There [is] little Benjamin, [with] their ruler
Or who is "their ruler" F25; that is, in the congregations or churches, where he was a ruler; or in the procession, the triumphal progress of Christ in Judea, and in the Gentile world, by the ministry of the word; where the singers and players of instruments, and damsels with timbrels, went in order: for not the tribe of Benjamin is meant, called "little", because Benjamin was Jacob's younger son; or because it was greatly weakened and reduced at Gibeah, ( Judges 20:48 ) ; and was one of the smallest tribes in Israel; and Saul's family, who was the first king of Israel, the least in that tribe, ( 1 Samuel 9:21 ) ; though the Targum interprets it of the tribe; and so Jarchi; but the Apostle Paul is here meant, who was of the tribe of Benjamin, ( Romans 11:1 ) ( Philippians 3:5 ) ; was a young man when he was converted, ( Acts 7:58 ) ; as the Septuagint and Vulgate Latin versions have it here; was "little" in stature, as is generally reported of him, and as his name "Paul" may be thought to signify, and might be given him on that account; see ( 2 Corinthians 10:10 ) ; and was little in his own eyes, less than the least of all saints, and the chief of sinners; one born out of due time, and unworthy to be called an apostle; as well as he was little and contemptible in the eyes of others; yet he was greatly honoured by Christ, had an authority from him, was a "ruler" in his churches; set in the first place there, made an apostle, and was an apostle of the Gentiles, and not a whit behind the very chief of the apostles; and he was a principal in this progress, and therefore is named first: he was a chosen vessel to bear the name of Christ, and carry it into the Gentile world; he travelled and laboured more abundantly than the rest, and preached the Gospel fully from Jerusalem round about to Illyricum. The Septuagint and Vulgate Latin versions, render it, "there was Benjamin the younger in an ecstasy", or trance, as the Apostle Paul was, ( Acts 9:9 ) ( 22:17 ) ( 2 Corinthians 12:2-4 ) ; but our version is best;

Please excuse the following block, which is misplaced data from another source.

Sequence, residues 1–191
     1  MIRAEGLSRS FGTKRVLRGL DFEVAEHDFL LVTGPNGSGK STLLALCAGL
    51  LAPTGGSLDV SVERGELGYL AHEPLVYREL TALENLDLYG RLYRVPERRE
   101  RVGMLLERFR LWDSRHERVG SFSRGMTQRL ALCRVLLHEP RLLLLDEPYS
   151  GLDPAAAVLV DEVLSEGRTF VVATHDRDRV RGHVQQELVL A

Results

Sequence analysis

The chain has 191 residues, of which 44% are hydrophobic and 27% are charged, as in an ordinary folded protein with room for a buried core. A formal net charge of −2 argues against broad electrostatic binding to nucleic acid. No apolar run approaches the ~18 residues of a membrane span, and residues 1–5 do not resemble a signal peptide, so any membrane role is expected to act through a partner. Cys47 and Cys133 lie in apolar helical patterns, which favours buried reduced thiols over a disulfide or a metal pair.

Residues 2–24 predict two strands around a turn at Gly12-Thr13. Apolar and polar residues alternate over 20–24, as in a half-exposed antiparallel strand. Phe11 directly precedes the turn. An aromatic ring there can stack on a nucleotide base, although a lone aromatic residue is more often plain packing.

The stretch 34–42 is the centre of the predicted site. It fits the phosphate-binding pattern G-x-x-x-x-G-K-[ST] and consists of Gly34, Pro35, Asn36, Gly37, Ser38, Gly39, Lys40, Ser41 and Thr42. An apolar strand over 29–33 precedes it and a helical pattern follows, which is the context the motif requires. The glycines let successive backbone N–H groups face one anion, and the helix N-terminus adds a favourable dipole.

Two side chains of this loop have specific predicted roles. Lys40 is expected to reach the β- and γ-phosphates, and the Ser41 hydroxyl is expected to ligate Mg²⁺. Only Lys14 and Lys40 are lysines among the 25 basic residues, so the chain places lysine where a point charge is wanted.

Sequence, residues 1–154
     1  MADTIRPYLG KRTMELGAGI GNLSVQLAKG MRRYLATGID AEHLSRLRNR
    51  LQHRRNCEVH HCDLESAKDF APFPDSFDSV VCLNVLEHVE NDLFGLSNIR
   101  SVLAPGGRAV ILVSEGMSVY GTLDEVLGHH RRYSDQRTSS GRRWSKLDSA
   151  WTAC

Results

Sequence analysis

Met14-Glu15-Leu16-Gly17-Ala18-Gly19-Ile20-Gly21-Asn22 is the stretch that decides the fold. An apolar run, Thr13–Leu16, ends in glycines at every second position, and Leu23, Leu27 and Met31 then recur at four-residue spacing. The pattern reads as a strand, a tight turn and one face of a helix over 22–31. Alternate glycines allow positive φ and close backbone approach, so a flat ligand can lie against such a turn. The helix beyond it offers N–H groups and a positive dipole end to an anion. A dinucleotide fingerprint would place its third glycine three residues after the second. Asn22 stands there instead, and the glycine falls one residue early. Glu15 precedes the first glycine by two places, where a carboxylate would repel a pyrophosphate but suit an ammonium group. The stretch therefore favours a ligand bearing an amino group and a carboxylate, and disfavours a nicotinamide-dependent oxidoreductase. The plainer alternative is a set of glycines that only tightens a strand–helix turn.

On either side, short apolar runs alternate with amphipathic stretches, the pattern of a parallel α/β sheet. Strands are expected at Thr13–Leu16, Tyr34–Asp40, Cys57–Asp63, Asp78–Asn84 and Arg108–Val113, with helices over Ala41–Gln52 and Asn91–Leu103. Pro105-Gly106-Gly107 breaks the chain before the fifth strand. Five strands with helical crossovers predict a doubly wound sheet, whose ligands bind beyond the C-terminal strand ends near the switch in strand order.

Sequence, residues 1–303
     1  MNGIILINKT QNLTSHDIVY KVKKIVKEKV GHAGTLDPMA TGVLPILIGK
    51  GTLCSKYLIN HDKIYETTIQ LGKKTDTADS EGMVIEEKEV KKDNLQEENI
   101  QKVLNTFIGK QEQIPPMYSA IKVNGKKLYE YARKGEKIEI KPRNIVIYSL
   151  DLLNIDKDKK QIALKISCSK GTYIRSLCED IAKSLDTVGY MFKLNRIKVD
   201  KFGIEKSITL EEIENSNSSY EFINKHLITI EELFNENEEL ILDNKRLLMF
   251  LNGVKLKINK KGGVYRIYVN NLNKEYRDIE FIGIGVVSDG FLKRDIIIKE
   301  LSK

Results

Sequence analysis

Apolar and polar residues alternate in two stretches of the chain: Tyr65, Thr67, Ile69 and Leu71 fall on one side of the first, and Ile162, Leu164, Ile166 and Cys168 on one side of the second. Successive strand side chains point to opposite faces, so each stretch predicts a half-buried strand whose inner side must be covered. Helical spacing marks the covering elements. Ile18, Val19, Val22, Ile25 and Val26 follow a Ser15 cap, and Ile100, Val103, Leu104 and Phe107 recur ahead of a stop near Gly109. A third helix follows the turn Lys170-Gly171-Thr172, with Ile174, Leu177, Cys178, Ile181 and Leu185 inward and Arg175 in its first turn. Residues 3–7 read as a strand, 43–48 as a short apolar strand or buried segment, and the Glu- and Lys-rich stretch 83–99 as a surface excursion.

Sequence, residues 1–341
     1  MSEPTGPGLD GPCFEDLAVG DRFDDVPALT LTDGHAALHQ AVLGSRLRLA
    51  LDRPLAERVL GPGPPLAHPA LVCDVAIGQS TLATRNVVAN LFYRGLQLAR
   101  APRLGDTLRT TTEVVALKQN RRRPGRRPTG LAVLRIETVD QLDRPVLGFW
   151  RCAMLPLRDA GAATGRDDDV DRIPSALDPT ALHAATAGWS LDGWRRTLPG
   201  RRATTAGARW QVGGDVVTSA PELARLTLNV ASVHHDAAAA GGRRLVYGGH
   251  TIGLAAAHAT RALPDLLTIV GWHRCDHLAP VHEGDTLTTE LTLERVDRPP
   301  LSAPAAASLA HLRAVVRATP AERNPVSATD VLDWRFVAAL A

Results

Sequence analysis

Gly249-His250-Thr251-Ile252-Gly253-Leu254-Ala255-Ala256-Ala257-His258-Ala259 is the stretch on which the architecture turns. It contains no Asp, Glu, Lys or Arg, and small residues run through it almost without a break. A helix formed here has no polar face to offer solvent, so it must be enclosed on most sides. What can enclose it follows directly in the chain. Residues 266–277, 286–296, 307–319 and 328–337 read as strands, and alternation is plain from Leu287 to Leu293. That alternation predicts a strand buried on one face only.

the princes of Judah, [and] their council;
or "company", as Kimchi; their churches, or congregations over which they presided, or were the means of gathering; these were the apostles, some of which were of the tribe of Judah, of which tribe Christ was, and so must be those that are called his brethren, ( Matthew 13:55 ) ( Acts 1:14 ) ; these were "princes", not only in common with other Christians, by adoption and regeneration, but by their office, being apostles, and over others in the Lord; and besides the church at Jerusalem, where James presided, there were other churches in Judea, which had spiritual guides and governors over them; see ( Hebrews 13:7 Hebrews 13:17 ) ; and so the Septuagint version, and those that follow it, render the words, "the princes of Judah, their governors"; and so Aben Ezra interprets them, and observes that "regem", in ( Zechariah 7:2 ) so signifies; to which the sense of R. Menachem in Jarchi agrees, who renders it "their purpled ones"; so Cocceius; but Gussetius F26 renders it "their stoning"; who stoned those that preached the Gospel to them; see ( Matthew 21:35 ) ( 23:37 ) ; or stoned their enemies, conquered them; or "their stone" F1, the Messiah, that sprung from Judah, ( Genesis 49:24 ) ( Psalms 118:22 ) ;
the princes of Zebulun, and the princes of Naphtali;
the rest of the apostles, who were of Galilee, in which country lay the tribes of Zebulun and Naphtali: such as Peter, Andrew, James and John, Philip and Nathaniel, see ( Matthew 4:13-21 ) ( John 1:44-46 ) .
F25 (Mdr) "dominans eos", Pagninus, Montanus, Gejerus; "dominator eorum", Musculus: so Tigurine version, Cocceius.
F26 Ebr. Comment. p. 777.
F1 Vid. Teelman. Explic. Parabol. p. 312.